Building where 22 rue Meslay is now located in Paris, France

The Fillattaz house is on a little side street in the Marais district, near the medieval Temple where the royal family was held during the French Revolution, before the King was guillotined in December of 1793 and Marie Antoinette was sent to the Concierge. Wollstonecraft wrote in her account of this period in her life that she saw the King being taken from the Temple prison to his trial at the Hôtel de Ville, where the Convention Nationale was held, from her window at this house. See update to the search for the Filliataz house

By the way, it’s important to make this point at the beginning: as is the case with all private residences and some other sites I visit during this tour, unless I can find a clear indicator of the history of the building (in accounts I have access to, on plaques, on cornerstones, etc), it’s very possible that I may not have found the exact location, especially if it’s not a public building with a clearly documented history. Many of my sources list an address without specifying whether it’s the modern address or the historical one and numbers change over time, and some streets are re-routed or disappear entirely, as do many of the original buildings, and records are not always consistently kept or may have been lost in the intervening years. Since my subjects were all here well over two centuries ago, it’s likely that at least a few of these locations are approximate, rather than the exact sites, despite my best efforts to discover them. This is especially true of Mary Wollstonecraft since she’s the only one of my subjects who never held public office or had any government appointments.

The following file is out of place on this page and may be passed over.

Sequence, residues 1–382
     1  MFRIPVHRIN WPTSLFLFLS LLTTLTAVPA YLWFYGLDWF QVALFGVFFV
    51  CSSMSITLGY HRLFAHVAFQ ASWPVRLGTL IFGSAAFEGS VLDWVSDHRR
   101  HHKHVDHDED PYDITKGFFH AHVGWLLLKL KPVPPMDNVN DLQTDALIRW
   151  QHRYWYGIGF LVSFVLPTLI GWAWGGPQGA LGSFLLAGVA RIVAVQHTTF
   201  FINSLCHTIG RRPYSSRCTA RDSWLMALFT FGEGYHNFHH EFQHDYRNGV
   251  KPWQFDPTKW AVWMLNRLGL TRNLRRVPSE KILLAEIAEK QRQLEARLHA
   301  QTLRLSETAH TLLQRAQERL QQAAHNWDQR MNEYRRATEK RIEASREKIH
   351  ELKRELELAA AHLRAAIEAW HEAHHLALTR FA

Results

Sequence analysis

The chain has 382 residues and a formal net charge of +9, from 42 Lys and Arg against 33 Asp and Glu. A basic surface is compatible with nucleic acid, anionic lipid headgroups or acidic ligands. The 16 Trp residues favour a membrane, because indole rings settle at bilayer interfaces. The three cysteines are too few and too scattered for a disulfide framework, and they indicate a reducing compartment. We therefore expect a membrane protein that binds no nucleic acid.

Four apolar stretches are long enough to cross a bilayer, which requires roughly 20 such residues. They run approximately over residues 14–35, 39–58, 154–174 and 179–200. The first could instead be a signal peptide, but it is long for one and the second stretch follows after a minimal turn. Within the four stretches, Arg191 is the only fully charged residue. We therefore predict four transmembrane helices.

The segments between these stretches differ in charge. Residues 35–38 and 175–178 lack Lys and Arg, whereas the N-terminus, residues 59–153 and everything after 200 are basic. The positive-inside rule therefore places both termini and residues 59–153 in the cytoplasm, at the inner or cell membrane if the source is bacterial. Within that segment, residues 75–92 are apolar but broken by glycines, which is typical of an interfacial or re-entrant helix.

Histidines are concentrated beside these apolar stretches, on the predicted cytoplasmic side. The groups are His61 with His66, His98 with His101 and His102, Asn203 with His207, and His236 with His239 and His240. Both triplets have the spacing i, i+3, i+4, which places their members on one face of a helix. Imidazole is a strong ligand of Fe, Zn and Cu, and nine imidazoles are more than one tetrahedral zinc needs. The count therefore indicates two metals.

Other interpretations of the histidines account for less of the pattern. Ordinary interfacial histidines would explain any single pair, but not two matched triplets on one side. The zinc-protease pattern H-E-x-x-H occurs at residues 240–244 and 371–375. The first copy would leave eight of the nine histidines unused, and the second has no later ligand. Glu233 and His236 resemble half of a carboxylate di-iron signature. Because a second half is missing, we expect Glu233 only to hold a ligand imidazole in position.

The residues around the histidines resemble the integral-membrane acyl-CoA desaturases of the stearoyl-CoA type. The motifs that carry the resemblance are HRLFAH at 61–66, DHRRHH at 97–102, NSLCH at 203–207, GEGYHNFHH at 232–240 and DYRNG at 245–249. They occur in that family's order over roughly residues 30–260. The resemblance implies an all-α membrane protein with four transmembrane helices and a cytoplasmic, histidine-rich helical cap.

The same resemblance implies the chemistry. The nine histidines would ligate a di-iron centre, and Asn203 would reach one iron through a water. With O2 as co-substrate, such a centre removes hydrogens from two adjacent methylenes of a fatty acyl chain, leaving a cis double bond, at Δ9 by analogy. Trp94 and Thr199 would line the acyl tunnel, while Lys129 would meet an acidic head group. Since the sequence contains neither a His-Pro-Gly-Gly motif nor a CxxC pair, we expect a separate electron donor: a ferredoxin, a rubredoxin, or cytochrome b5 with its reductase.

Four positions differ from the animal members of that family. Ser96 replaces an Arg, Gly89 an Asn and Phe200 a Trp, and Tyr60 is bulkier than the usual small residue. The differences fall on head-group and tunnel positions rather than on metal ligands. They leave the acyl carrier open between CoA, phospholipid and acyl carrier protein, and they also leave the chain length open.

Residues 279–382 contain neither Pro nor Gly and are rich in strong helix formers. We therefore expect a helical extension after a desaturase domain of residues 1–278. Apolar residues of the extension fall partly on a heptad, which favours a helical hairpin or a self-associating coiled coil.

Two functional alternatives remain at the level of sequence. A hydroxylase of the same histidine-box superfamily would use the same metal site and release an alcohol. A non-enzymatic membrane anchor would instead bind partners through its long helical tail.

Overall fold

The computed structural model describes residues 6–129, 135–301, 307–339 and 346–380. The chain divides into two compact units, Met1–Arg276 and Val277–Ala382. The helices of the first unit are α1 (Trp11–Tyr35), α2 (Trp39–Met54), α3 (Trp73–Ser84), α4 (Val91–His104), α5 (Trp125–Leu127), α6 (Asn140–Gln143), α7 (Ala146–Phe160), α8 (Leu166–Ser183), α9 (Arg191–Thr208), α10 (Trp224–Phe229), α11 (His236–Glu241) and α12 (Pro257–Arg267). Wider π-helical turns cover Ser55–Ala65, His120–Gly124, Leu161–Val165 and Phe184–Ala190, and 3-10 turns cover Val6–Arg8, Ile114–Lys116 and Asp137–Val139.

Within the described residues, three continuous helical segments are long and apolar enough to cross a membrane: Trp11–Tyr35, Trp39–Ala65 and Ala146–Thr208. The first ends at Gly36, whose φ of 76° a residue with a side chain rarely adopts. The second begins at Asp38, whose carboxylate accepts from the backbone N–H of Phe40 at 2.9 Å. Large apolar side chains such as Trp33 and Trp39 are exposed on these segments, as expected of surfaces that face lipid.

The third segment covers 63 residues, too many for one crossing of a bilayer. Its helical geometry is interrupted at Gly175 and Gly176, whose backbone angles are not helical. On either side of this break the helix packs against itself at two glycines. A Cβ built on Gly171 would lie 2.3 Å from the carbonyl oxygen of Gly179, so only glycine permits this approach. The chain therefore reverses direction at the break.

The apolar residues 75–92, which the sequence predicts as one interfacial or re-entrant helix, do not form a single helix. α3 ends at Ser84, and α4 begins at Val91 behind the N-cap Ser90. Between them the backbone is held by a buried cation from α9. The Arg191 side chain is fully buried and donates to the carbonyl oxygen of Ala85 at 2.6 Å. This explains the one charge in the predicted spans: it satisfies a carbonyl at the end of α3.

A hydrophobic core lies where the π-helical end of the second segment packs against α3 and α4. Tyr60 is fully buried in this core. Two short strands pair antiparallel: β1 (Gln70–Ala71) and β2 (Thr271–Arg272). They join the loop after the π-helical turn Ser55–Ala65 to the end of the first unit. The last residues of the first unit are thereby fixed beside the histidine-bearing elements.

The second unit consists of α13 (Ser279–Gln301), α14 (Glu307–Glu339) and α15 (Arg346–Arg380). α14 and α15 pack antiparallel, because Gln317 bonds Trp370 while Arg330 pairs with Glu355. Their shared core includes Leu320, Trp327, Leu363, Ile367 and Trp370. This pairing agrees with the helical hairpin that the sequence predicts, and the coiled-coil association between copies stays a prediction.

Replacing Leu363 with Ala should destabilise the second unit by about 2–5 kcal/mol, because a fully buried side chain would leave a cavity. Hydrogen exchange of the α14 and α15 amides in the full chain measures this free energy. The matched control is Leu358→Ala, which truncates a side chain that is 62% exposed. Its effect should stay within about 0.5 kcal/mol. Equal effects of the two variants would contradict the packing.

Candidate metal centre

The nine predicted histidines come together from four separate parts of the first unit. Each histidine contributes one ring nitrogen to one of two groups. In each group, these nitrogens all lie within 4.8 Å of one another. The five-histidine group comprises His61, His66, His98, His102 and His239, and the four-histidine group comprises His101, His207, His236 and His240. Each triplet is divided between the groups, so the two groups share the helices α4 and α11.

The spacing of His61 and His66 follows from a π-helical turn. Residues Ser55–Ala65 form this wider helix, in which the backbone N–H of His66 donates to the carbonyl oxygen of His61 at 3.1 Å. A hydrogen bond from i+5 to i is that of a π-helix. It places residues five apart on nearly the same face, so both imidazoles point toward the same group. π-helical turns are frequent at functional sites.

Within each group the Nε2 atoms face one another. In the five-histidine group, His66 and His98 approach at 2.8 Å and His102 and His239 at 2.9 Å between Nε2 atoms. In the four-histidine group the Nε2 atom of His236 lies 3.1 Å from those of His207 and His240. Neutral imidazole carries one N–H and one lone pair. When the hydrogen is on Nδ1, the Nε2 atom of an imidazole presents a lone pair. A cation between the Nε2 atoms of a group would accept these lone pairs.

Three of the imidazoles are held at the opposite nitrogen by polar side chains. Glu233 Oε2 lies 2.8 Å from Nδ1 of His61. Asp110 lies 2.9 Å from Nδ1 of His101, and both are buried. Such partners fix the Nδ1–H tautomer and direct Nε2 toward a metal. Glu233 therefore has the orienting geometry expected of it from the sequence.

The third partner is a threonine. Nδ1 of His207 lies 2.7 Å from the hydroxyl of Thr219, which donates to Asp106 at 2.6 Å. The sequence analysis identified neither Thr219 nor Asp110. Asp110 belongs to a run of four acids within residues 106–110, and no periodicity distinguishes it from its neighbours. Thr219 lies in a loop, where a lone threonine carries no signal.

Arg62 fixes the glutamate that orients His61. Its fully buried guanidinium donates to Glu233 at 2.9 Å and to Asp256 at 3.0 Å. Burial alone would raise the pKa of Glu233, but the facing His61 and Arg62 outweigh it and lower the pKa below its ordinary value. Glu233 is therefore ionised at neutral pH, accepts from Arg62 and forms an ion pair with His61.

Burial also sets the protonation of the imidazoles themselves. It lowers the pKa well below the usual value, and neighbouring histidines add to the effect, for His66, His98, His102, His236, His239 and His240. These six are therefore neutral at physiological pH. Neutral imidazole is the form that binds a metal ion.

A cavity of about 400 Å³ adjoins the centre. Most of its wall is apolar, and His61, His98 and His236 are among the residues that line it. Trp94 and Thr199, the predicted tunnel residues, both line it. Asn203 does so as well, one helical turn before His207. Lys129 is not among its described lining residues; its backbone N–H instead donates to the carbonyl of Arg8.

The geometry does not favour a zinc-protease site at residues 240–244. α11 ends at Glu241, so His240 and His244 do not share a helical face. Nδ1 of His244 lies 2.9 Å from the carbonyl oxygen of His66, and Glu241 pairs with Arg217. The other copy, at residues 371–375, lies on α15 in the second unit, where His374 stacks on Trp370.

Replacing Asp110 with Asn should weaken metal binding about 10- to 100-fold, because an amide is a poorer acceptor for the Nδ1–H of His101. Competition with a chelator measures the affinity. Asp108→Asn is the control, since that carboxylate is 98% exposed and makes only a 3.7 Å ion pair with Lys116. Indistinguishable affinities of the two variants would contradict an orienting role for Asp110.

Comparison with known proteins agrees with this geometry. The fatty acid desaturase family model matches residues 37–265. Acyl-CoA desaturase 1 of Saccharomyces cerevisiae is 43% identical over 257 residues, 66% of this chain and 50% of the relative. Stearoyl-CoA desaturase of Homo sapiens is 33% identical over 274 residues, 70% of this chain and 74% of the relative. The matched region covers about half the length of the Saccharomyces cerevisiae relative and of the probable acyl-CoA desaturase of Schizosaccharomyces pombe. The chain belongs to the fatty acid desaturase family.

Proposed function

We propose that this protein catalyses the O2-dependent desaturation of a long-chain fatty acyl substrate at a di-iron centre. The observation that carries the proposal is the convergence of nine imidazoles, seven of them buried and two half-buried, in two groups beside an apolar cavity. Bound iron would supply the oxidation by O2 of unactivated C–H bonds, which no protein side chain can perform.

Courtyard behind 22 rue Meslay

63 rue Faubourg St-Denis, Paris, France. It’s the right address but not actually the site of Paine’s once-time residence, since the address had changed since his time. You can the story of how I find the true site here.

For example, poking around for historical details of the rue Meslay, I found that George Sands was born on that same street, and the address was 15 in her time, 46 now. I didn’t find any info as to whether Wollstonecraft’s 22 address is the new one, old one, or just that same address in different sources, but since she described seeing the King’s carriage pass by her window on the way to trial, it may be that the Filliettaz house was further up the street, in a taller building or at a higher elevation, so that she could see as far over as Boulevard Saint-Martin, the next street over and the route he would taken. But another source describes the house as having six stories, and the house now at 22 matches this description.